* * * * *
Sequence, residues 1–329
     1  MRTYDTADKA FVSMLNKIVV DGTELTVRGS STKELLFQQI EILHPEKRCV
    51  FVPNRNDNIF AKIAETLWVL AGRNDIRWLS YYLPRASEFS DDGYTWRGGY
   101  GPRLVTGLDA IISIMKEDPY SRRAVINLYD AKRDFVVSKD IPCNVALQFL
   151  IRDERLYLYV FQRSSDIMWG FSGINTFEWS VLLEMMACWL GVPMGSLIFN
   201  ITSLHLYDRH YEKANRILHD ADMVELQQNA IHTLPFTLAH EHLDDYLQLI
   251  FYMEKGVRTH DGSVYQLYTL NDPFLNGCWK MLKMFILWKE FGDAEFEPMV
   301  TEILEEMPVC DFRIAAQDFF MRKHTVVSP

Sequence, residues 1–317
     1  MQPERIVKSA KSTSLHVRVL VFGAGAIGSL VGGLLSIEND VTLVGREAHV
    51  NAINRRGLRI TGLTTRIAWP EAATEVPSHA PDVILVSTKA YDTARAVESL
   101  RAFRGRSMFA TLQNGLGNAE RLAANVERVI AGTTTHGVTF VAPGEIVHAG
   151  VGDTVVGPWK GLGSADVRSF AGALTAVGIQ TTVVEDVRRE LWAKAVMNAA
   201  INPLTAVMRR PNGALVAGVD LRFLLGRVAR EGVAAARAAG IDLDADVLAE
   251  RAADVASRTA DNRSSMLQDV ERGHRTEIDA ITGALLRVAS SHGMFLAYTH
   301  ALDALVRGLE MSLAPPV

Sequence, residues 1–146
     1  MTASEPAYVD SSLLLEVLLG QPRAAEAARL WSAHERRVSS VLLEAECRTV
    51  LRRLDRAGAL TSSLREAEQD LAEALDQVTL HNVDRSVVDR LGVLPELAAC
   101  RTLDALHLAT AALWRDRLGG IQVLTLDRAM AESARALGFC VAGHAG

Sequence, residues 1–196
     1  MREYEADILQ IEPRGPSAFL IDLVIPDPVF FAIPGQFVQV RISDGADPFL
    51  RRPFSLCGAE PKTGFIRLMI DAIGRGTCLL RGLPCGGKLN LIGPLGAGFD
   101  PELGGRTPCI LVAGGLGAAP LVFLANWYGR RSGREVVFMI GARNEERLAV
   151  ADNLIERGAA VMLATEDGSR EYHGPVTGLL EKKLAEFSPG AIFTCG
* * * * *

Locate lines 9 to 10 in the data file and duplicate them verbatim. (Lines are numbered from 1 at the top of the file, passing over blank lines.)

Sequence, residues 1–317
     1  MQPERIVKSA KSTSLHVRVL VFGAGAIGSL VGGLLSIEND VTLVGREAHV